• Wednesday, January 23, 2019

The Lies of Donald Trump’s Critics, and How They Shape His Many Personas

Discussion in 'Americas' started by LeGenD, Jul 13, 2017.

  1. LeGenD

    LeGenD SENIOR MEMBER

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    An in-depth analysis of the false allegations and misleading claims made against the 45th President since his inauguration.

    Over the past two years, many thousands of broadcast hours and probably millions of words have been devoted to Donald Trump’s relationship with the truth. Equally, the President has made accusations of dishonesty and bias against the media and his political opponents a central part of his persona and presidency.

    What lies are told about the President? Is he lying when he makes these allegations? In a feverish atmosphere of claim and counterclaim, when everyone seems to reflexively accuse everyone else of “fake news”, it can be difficult to know what’s what.

    There are many articles that exist detailing lies and misleading claims made by the Trump administration. This article is intended as a neutral, reliable analysis of the lies, false allegations and misleading claims made about and against Donald Trump since his inauguration in January 2017. We’ve attempted to strip away the hyperbole, name-calling and generalizations, and examine the patterns and trends at work: what characterizes these lies and exaggerations, the effect they have, what might explain them.

    We pay particular attention to selected examples — claims that have gained prominence among the mainstream opposition to Trump, revealing much about the methods, priorities, and tone of that opposition, and illustrating how this movement both cultivates and plays off a number of caricatures of the 45th President and at times falls prey to a handful of identifiable and repeated errors of thought.

    This is nothing new. Supporters and opponents of every high-profile politician in American history have done exactly the same, but in the current cultural atmosphere, where “the truth” is universally, even manically, exalted as an abstract concept but then widely degraded in practice, it’s essential to confront, correct, and analyze patterns of falsehoods like these.

    This is not an exhaustive list. For that, and a litany of fact checks of claims made by the President, you can browse the Snope archive on him.

    The focus here is on attacks against Trump. So for the purpose of this article, we’re not interested in false claims that are intended to reflect favorably on him. Nor does this analysis address claims made against his family members, of which there have been many. It’s also limited to the period following the inauguration on 20 January. This analysis was primarily based on an in-depth search of our own archives.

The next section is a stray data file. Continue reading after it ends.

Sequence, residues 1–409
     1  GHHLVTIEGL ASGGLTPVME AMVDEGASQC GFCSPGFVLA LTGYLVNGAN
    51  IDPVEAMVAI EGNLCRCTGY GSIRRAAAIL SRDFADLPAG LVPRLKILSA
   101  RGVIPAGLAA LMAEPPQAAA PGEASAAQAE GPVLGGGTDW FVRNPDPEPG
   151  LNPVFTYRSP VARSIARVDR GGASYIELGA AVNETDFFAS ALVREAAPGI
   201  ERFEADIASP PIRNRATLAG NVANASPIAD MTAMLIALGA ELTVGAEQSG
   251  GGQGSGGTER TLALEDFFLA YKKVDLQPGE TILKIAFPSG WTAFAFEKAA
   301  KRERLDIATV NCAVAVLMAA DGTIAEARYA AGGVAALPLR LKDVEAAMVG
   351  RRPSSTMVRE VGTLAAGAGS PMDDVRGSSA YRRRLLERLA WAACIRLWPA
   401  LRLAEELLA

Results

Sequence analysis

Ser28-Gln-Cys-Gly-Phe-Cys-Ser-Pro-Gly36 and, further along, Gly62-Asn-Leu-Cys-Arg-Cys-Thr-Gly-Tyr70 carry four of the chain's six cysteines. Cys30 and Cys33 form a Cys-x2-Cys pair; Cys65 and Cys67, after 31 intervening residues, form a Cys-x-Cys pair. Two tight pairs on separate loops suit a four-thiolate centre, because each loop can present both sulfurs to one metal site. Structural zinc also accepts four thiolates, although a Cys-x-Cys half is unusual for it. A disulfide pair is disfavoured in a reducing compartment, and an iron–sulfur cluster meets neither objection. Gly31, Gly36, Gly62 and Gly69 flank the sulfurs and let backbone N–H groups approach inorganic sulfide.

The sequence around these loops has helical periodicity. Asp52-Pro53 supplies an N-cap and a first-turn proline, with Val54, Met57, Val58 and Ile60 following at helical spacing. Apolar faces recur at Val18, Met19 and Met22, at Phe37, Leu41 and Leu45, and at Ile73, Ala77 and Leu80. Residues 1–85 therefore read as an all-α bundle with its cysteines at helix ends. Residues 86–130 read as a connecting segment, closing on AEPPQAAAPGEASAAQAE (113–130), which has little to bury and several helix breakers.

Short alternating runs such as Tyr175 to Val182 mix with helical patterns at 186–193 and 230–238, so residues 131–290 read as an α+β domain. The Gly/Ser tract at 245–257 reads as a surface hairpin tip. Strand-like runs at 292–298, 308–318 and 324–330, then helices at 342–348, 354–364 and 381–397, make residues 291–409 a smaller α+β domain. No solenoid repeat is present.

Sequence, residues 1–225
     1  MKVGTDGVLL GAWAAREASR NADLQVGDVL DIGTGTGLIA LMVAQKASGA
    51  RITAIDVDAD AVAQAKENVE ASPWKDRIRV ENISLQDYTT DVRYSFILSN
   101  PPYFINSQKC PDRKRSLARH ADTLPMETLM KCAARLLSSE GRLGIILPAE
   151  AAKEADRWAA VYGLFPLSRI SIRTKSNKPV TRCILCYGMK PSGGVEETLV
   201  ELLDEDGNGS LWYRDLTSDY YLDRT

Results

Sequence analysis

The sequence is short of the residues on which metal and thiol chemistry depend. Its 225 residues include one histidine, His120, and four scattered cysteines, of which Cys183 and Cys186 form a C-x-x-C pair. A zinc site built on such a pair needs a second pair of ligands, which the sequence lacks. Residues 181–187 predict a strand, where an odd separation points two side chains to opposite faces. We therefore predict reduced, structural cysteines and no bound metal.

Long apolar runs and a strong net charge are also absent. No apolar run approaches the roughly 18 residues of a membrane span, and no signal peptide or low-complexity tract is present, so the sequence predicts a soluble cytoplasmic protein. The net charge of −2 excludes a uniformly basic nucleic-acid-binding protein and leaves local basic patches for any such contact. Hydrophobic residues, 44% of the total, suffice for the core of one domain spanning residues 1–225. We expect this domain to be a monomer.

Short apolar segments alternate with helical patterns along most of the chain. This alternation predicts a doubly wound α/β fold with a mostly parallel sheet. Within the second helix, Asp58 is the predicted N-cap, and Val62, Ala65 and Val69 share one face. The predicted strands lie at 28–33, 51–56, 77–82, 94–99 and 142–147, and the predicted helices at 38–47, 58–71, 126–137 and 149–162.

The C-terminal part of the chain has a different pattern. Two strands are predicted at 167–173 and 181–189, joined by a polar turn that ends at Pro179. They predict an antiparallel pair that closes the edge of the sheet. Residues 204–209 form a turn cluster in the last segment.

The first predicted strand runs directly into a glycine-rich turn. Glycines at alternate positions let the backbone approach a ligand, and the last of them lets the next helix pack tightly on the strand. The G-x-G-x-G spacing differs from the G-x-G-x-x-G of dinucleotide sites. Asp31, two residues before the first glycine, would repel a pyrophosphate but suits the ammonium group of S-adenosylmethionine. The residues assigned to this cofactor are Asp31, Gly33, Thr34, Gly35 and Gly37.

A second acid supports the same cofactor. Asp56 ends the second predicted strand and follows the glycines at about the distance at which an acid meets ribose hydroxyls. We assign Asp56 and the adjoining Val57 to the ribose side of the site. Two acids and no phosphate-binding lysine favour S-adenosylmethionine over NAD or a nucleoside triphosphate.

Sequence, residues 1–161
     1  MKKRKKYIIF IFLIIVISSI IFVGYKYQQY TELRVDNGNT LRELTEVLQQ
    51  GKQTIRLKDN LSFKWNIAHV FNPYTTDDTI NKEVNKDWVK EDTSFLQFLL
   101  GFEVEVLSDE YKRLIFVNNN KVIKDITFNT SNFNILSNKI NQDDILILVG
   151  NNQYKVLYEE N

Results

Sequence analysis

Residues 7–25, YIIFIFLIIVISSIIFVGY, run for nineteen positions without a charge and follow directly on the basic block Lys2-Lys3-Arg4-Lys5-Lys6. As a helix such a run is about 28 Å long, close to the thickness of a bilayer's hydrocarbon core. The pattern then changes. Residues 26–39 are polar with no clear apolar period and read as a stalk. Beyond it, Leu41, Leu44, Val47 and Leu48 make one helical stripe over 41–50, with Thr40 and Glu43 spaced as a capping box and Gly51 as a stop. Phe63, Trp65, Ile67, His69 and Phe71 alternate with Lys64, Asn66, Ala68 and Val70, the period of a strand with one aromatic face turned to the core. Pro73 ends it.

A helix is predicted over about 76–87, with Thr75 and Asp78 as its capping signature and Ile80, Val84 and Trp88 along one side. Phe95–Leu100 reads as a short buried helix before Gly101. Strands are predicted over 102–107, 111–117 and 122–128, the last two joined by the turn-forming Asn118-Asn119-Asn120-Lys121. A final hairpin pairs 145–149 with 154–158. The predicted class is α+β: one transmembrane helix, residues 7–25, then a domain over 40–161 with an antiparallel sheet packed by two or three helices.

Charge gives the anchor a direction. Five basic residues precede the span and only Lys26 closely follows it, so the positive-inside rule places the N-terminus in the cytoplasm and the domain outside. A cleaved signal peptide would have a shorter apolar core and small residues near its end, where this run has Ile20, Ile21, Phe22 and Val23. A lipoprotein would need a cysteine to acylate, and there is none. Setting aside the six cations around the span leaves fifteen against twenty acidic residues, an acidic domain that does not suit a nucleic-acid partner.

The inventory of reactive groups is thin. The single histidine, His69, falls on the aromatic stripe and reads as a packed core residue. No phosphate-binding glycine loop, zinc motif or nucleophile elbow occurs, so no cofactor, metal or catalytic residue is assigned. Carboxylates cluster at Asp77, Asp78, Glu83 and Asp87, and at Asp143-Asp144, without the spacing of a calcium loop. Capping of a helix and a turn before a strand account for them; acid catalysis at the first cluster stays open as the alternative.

Broadly speaking, most of the falsehoods levelled against Trump fall into one or more of four categories, each of them drawing from and feeding into four public personas inhabited by the President.

    They are:
    • Donald Trump: International Embarrassment
    • Trump the Tyrant
    • Donald Trump: Bully baby
    • Trump the Buffoon.
    Some of these claims are downright fake, entirely fabricated by unreliable or dubious web sites and presented as satire, or otherwise blatantly false. But the rest — some of which have gained significant traction and credibility from otherwise serious people and organizations — provide a fascinating insight into the tactics and preoccupations of the broad anti-Trump movement known as “the Resistance,” whether they were created by critics of the President or merely shared by them.

    Generally speaking, we discovered that they are characterized and driven by four types of errors of thought:
    • Alarmism
    • A lack of historical context or awareness
    • Cherry-picking of evidence (especially visual evidence)
    • A failure to adhere to Occam’s Razor — the common-sense understanding that the simplest explanation for an event or behavior is the most likely.
    Infused throughout almost all these claims, behind their successful dissemination, is confirmation bias: the fuel that drives the spread of all propaganda and false or misleading claims among otherwise sensible and skeptical people. Confirmation bias is the tendency to look for, find, remember and share information that confirms the beliefs we already have, and the tendency to dismiss, ignore and forget information that contradicts those beliefs. It is one of the keys to why clever people, on all sides of every disagreement, sometimes believe stupid things that aren’t true.

    We’re going to take a look at the four major types of falsehood we found, which correspond with Donald Trump’s four public personas, and point out along the way how various errors in thought have played a role in their origins and their spread.

    Full read: http://www.snopes.com/2017/07/12/trump-lies/
     
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  2. Thəorətic Muslim

    Thəorətic Muslim SENIOR MEMBER

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    P.o.s. garbage journalism.